9 of the best e-bike conversion kits
This is not a comprehensive list. It concentrates on systems we have either tested or have had good general review feedback on.
The internet is awash with cheap hub motor kits from sellers you are unlikely to have heard of, but Australian-based Dillenger sell in a number of countries and have done so over a number of years, building up a good track record in the process. Their website also offers good info on compatibility and fitting and they offer a clearly set out one year warranty.
Dillenger’s Samsung Power 2.0 front hub motor kit packs a lot of value in given the budget price so it’s perhaps not surprising they claim to have sold over 10,000 worldwide.
It ticks all the boxes: it’s disc brake compatible (standard 6 bolt mounting), comes ready spoked into a wide range of wheel sizes (20”, 24”, 26”, 27.5” and 29”), has a decent sized 468Wh battery with cells from a recognised maker (Samsung) and also has the option of a throttle.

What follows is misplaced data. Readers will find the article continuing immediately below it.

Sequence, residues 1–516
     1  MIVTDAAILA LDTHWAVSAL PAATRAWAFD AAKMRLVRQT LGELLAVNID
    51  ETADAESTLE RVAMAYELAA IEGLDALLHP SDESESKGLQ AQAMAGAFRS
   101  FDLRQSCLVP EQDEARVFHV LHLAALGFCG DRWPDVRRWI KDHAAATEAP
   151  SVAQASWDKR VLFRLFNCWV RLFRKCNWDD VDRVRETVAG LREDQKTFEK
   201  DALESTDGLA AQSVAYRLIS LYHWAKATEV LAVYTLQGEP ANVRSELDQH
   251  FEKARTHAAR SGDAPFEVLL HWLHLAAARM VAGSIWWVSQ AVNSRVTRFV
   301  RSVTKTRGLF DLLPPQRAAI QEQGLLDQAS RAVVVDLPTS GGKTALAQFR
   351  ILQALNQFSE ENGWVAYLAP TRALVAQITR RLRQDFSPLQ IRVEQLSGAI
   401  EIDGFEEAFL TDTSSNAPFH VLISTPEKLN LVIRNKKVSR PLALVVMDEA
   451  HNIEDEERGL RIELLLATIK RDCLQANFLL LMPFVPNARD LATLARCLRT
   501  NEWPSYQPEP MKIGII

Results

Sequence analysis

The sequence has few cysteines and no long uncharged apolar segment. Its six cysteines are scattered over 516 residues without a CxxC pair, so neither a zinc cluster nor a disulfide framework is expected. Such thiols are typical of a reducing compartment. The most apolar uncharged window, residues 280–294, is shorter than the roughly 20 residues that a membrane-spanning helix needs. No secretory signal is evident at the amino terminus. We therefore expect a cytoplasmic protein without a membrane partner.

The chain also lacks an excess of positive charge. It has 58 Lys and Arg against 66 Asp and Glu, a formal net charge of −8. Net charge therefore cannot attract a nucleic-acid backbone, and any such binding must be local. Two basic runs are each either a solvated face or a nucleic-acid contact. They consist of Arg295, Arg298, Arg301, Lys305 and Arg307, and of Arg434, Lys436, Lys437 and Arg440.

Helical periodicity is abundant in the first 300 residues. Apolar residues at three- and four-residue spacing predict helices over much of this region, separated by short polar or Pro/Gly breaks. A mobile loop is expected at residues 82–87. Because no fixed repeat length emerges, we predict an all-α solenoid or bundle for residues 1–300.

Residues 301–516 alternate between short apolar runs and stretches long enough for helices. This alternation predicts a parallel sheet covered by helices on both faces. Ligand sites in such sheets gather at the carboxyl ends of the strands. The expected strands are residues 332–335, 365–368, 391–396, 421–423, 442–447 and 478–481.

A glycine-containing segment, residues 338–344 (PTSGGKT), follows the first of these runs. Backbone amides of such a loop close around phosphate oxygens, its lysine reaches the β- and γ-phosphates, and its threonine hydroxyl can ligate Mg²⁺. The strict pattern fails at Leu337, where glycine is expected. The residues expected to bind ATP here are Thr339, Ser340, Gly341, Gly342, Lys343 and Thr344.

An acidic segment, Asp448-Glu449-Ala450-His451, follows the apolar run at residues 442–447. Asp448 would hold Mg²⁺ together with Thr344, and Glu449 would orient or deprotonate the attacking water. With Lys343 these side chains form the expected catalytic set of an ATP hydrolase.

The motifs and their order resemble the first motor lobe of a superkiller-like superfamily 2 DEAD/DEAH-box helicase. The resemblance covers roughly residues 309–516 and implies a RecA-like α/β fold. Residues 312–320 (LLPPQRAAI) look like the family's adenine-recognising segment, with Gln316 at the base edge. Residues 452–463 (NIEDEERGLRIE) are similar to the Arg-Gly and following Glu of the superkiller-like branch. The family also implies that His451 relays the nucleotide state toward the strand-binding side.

Swytch has a headline-grabbing low price, but that is for the ‘Eco’ version with a modestly-sized 180Wh battery. The slightly larger ‘Pro’ version packs a 252Wh battery and costs an extra £95. It is disc brake compatible and has a throttle option. Its most distinguishing feature is the handlebar mounting battery that removes at the click of a button. As these are relatively small batteries, they don’t appear to affect handling too much – you can read our original and follow-up reviews of the Swytch kits - the latter based on the new and more adaptable bottom bracket mounting cadence sensor. There is a Brompton-specific version too.
The light weight is attractive too (3.2kg for the Eco kit and 4.45kg for the Pro version). The real downside is the wait; Swytch wait until they have enough orders before they order direct from Asia which is a low risk strategy for them but can mean several months' wait for customers who have signed up.